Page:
Archaeology isn't what you find, it's what you discover.
David Hurst Thomas

Did you know that there is a beautiful museum in Venice, home to a majestic collection of ancient sculptures, including some Greek originals of the finest workmanship, and then bronzes, ceramics, but also gems and coins, as well as the archaeological collection in storage by the Civico Museo Correr, with works ranging from ancient Egypt to the Assyrian-Babylonian Middle East. This is the National Archaeological Museum of Venice. 

Let's discover it together!

The origins of the museum

Its historical nucleus of the National Archaeological Museum of Venice is composed of the so-called "Public Statuary of the Serenissima" made in 1596 in the setting curated by Federico Contarini, in the room before the entrance of the Libreria Marciana. This consists of the collections of ancient objects derived from the legacy of Cardinal Domenico Grimani, a great man of humanistic culture, together with the donation of his nephew Giovanni Grimani, Patriarch of the Catholic Church, who gave life to what is known as the "Grimani Collection". The library itself, of 15th century origin, contains several works and manuscripts from the ancient world, proof of the attention and care that the Venetians dedicated to archaeological research.

With the passing of time and centuries, this Statuary was embellished with further donations to the point that it even needed to be transferred to the Ducal Palace. From here the entire collection was kept in Florence during the First World War. It was in the 1920s that the collections returned to Venice and were placed on the first floor of the Procuratie Nuove, which still houses the Museum, with the rooms enlarged and the collections increased between 1949 and 1954 thanks to the Correr deposit and the assignment to the city of Venice of ceramics, glass and gems from the Museum of San Donato in Zadar (today Zadar, Croatia): now the museum itinerary winds its way through 20 rooms thanks to the layout curated by Professor Carlo Anti.

What not to miss in the National Archaeological Museum of Venice

The museum itinerary is divided into 20 exhibition rooms that lead visitors to that first nucleus of ancient statues, the so-called "public statuary", now presented following the original scheme, so that they can dive into ancient museological models as well as works. 

In the first rooms are preserved Roman finds, burial stelae and public inscriptions, mostly from the island of Crete. A little further on, part of the museum's rich numismatic collection (5th century BC - 17th century) is on display: Greek, Roman-Republican and imperial coins, coins minted in the provinces, examples of barbarian coinage and a collection of Byzantine coins from the 5th to the 13th century. This brings us to an incredible environment, which contains original examples of Greek sculptures, many of which still retain traces of Renaissance restorations. The figures cannot be identified with certainty: it is presumed that they may be votive statues from an island sanctuary.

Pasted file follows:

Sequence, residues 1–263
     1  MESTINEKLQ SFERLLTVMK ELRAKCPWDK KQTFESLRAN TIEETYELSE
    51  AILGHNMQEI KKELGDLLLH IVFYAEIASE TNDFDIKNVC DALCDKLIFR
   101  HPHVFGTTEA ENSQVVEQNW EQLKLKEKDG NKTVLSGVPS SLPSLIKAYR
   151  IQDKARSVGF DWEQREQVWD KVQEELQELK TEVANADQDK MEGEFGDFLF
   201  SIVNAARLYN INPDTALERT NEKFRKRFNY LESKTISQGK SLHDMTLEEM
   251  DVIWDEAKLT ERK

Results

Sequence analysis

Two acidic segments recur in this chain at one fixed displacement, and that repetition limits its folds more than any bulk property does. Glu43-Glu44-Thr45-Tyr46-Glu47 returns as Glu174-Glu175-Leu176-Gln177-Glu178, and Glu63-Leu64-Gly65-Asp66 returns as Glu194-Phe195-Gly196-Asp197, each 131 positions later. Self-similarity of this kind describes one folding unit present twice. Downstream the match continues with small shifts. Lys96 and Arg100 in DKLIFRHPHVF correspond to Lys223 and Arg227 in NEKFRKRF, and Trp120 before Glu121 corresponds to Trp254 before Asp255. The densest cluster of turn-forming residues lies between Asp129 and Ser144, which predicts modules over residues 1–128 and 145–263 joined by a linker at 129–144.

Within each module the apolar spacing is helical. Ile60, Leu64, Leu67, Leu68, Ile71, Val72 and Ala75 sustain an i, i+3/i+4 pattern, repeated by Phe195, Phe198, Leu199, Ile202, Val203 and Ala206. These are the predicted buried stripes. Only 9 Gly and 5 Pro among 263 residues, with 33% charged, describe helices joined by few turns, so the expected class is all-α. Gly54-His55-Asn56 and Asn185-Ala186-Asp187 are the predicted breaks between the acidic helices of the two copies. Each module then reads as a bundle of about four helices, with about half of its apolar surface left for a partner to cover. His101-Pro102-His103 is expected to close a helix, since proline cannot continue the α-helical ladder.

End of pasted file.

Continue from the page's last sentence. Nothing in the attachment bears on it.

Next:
Great space is also given to portraiture statuary from the Hellenistic period (III-II century B.C.) which presents the main characteristics of Greek portraiture, such as attention to symmetry and proportions based on geometric principles or designed according to the new optical and movement principles. Worth mentioning: the Ara Grimani, an original of Hellenistic art perhaps from Rome. Worth mentioning in the Hellenistic rooms: the group of Venetian Galatians, part of the collection that Domenico Grimani had formed with works coming mostly from his own land in Rome.

There is an imposing space for the rooms dedicated to funerary sarcophagi, some of which are very important with particular figurative decorations in relief on three sides. In these rooms it is important to note: the "capsella di Samagher", a reliquary in ivory and silver decorated with Christian subjects, dating back to the 5th century AD. 

Thus begins an itinerary called "From the Nile to the Archaeological Museum" - a precise and exhaustive thematization to follow the finds concerning Egypt through the last rooms, a sort of connection between the Greek-Roman finds with strong Egyptian influences and the following Egyptian-Eastern section, which preserves several examples of amulets and furnishings. This brings us to the anti-sala of the Marciana Library, the very first seat of the Public Statuary of the Serenissima, where the original layout of the museum is reproduced on the basis of drawings by Anton Maria Zanetti the Younger.

Useful information

The Archaeological Museum is part of the integrated museum itinerary called "The Museums of St. Mark's Square": the entrance coincides therefore with that of the Civic Museum Correr, in St. Mark's Square, Napoleon's wing. 

The integrated single ticket "The Museums of St. Mark's Square", includes a visit to the Doge's Palace, the Correr Museum, the Archaeological Museum and the Monumental Rooms of the Marciana Library can be purchased during Correr's opening hours, at the Correr ticket office or at the ticket office of the Doge's Palace, and it has a cost of € 25 (full price) and € 13 (reduced price).

The Museum is open every day from 10.30 to 18.00.

Following the provisions of the Prime Minister's Decree for Covid-19 containment measures, we inform you that:

  • before the entrance (from the Correr Museum) the temperature will be checked ;
  • it will be necessary to sanitize the hands and wear the mask throughout the visit; 
  • the visit path is mandatory one-way;
  • a maximum of 4 visitors can stay in each room, keeping the distance of at least 1 meter from each other;
  • to avoid gatherings, the Egyptian rooms will be open to visitors only on request, 2 people at a time;
  • accompanied groups are allowed in compliance with the maximum capacity of each room and the spacing rules.